Thursday, April 15, 2010

Sometimes, Even Mamas Make Mistakes

This afternoon, I was driving my daughter to dance class when we came to a spot in the highway where traffic was slowing down substantially.  On the other side of the road, there were two cars stopped.  In the median strip, a man was lying face down in the grass, not moving.  Someone else was leaning over him.  It wasn't safe to stop right there, so I grabbed my cell phone and dialed . . . 611.

Immediately realizing my mistake, I tried to dial again.  On the third try I successfully dialed 911, and my Blackberry cheerfully told me it was "restoring network connections" -- it had a low battery and was not getting a signal.  After waiting a few seconds, I asked my daughter for her cell phone.  I opened it and hit the wrong button, so when I tried to dial, it thought I was dialing "W.."  By this point, I had managed to get off the highway at the wrong exit, was totally flustered, and realized that almost certainly one of the stopped drivers and/or another passing motorist had already called for help.  So I did what anyone in my situation would have done.

I yelled at my daughter.

I will, in the interest of both her privacy and brevity, skip over what I was ostensibly yelling at her for.  And I should mention that, while I am not by any means the perfect mom or the calmest one, I am not, on the whole, a yeller.  But there I was, saying things that one should not say to one's daughter, using language that one generally hopes one's daughter will not ever use, and generally being out of control, now in the parking lot of a nearby shopping center.  She yelled back, tears were shed -- a lot of them on both sides.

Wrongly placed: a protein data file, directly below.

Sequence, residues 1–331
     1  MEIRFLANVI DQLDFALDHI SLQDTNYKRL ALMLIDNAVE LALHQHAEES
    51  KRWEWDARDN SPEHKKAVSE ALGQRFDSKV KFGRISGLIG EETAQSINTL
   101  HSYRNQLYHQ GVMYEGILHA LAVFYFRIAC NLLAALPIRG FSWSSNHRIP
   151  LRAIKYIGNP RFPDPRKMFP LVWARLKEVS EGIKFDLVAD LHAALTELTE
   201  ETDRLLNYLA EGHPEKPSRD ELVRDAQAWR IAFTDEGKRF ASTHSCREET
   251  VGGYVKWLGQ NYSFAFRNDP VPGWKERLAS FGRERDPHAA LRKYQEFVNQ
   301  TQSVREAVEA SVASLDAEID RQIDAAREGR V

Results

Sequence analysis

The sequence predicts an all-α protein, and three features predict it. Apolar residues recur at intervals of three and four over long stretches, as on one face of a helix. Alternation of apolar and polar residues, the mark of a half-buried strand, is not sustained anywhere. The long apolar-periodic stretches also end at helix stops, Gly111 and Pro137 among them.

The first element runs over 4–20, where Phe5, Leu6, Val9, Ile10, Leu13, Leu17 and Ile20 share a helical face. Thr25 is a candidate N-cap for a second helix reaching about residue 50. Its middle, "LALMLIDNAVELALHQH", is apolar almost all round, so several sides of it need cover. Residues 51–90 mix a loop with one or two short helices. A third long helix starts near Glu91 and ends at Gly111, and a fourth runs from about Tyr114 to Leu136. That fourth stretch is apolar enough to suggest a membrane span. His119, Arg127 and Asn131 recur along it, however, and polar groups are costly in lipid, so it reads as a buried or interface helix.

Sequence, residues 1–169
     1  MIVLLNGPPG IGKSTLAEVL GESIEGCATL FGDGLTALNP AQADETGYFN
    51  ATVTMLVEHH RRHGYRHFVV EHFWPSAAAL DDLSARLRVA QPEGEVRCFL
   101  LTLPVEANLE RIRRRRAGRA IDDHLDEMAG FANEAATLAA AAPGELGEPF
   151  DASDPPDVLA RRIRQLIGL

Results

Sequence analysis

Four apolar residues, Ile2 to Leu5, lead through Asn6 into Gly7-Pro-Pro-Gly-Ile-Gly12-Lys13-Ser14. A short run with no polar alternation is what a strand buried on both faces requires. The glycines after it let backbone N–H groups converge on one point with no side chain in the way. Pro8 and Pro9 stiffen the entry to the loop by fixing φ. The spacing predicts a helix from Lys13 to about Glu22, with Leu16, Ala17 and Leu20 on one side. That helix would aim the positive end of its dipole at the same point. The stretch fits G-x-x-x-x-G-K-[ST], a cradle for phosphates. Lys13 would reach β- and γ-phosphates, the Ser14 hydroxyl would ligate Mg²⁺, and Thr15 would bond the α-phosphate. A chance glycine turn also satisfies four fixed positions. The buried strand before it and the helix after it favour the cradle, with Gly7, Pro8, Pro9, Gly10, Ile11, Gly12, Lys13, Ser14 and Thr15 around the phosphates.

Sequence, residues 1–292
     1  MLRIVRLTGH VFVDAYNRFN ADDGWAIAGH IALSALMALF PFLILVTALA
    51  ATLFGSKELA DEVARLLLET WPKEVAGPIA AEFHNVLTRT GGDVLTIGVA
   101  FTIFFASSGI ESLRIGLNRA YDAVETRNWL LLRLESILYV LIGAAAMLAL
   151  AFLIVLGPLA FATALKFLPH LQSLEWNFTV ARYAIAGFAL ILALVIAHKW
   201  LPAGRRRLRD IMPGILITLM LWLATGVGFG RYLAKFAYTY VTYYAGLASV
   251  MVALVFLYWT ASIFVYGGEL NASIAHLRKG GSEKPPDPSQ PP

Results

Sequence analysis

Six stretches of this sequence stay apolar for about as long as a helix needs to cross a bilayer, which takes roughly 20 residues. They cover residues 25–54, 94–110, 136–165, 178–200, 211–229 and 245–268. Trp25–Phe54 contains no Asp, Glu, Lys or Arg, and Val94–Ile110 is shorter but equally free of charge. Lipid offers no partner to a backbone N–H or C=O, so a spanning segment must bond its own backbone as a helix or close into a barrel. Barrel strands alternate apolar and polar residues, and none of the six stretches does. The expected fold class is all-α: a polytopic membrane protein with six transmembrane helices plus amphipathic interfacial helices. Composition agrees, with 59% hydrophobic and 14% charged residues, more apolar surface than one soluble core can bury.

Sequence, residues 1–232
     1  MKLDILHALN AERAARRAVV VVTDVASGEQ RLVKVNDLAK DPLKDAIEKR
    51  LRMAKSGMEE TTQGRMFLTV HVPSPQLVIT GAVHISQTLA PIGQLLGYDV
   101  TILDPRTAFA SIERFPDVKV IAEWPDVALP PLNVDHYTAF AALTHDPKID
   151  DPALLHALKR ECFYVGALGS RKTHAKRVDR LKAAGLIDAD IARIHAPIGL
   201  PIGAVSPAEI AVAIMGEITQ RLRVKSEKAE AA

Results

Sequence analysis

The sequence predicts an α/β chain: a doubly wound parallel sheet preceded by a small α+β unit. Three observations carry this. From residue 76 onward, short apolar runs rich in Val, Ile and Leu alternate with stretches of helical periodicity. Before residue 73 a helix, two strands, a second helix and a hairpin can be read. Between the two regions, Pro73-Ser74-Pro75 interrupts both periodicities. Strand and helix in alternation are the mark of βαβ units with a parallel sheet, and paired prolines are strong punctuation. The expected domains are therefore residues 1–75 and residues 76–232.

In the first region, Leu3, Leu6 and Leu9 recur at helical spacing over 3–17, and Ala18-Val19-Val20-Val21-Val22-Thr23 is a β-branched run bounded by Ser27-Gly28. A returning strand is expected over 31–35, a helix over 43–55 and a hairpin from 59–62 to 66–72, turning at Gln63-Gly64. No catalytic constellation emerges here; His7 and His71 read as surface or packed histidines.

What the heck happened here?

Let me start by saying that I don't want to make excuses for how I acted.  Please don't flame me in the comments and tell me that it doesn't matter why I did it, it was the wrong thing to do.  I know that.  That's something that I have begun to, and will continue to attempt to, repair with my daughter.

It might help shed some light on why I was inclined to completely lose it at her (if not why I actually did) if you put yourself in my situation for a moment and imagine how I was feeling.  First, I had just seen something that, on the face of it, was really upsetting.  Second, I had been desperately trying to call 911 and had been unsuccessful, in part because I was so freaked out I couldn't operate a cell phone properly.  Mostly, I felt incredibly helpless -- a man was, as far as I knew, dying on the median strip and I could not help in the simplest of ways.

So I did what people so often do at these moments -- I took it out on someone else.  It couldn't be my fault, so it had to be my daughter's.  It certainly had to be someone's fault.  On top of that, my body had an adrenaline rush but nothing to to "do" with that sensation.  There was no action I could take.  I couldn't do flight, so I did fight -- I just fought with the wrong person.

Knowing that there was a good reason I acted as I did does not actually make me feel a whole lot better about doing it.  As a crisis responder, I encounter people like me all the time -- people who have acted, in the middle of an incident, in a way that is totally uncharacteristic of them any other time -- and I'm pretty good at helping them.  But it's hard to help yourself, which is why even crisis teams need crisis teams sometimes.


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Naomi Zikmund-Fisher
is a clinical social worker, former school Principal and a Crisis Consultant for schools and community organizations. You can learn more about her at
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